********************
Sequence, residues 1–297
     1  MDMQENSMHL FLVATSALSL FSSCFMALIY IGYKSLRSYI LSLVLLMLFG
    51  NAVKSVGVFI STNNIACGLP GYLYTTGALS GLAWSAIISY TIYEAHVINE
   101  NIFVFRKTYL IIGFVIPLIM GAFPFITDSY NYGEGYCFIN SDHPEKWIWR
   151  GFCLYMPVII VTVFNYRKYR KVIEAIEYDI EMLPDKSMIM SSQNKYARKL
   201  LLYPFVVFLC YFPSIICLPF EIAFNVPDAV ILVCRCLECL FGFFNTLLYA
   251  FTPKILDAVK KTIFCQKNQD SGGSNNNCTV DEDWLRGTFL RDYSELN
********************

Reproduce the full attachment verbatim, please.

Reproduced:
Sequence, residues 1–297
     1  MDMQENSMHL FLVATSALSL FSSCFMALIY IGYKSLRSYI LSLVLLMLFG
    51  NAVKSVGVFI STNNIACGLP GYLYTTGALS GLAWSAIISY TIYEAHVINE
   101  NIFVFRKTYL IIGFVIPLIM GAFPFITDSY NYGEGYCFIN SDHPEKWIWR
   151  GFCLYMPVII VTVFNYRKYR KVIEAIEYDI EMLPDKSMIM SSQNKYARKL
   201  LLYPFVVFLC YFPSIICLPF EIAFNVPDAV ILVCRCLECL FGFFNTLLYA
   251  FTPKILDAVK KTIFCQKNQD SGGSNNNCTV DEDWLRGTFL RDYSELN